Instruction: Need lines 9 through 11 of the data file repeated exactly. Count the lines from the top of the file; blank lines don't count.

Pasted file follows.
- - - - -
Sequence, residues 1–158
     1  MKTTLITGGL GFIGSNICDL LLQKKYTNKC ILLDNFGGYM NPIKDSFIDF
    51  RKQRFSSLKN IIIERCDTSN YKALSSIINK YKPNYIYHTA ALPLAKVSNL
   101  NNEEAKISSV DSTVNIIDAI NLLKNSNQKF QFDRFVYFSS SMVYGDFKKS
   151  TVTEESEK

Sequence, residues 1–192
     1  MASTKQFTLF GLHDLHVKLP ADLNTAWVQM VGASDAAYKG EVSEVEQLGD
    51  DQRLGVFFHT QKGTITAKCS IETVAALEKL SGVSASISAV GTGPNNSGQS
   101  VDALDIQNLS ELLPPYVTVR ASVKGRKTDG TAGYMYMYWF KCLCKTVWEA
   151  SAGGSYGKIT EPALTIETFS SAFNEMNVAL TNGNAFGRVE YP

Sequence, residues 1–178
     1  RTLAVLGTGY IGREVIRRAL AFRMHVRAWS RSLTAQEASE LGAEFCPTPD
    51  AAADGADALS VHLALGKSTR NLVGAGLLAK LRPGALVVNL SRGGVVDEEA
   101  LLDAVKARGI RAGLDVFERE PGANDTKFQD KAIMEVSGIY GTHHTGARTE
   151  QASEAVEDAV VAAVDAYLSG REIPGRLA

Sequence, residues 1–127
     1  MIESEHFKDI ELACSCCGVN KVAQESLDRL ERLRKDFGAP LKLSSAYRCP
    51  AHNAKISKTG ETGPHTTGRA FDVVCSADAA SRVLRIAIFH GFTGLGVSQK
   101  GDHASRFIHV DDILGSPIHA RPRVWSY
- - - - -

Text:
   101  VDALDIQNLS ELLPPYVTVR ASVKGRKTDG TAGYMYMYWF KCLCKTVWEA
   151  SAGGSYGKIT EPALTIETFS SAFNEMNVAL TNGNAFGRVE YP

Sequence, residues 1–178